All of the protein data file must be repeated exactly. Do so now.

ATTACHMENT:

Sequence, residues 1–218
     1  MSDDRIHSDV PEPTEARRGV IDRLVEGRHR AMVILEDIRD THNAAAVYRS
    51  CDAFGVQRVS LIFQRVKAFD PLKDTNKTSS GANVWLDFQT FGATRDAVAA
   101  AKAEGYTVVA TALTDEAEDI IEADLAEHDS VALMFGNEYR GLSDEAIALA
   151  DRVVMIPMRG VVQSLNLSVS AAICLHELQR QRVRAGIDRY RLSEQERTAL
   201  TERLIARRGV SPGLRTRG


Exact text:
Sequence, residues 1–218
     1  MSDDRIHSDV PEPTEARRGV IDRLVEGRHR AMVILEDIRD THNAAAVYRS
    51  CDAFGVQRVS LIFQRVKAFD PLKDTNKTSS GANVWLDFQT FGATRDAVAA
   101  AKAEGYTVVA TALTDEAEDI IEADLAEHDS VALMFGNEYR GLSDEAIALA
   151  DRVVMIPMRG VVQSLNLSVS AAICLHELQR QRVRAGIDRY RLSEQERTAL
   201  TERLIARRGV SPGLRTRG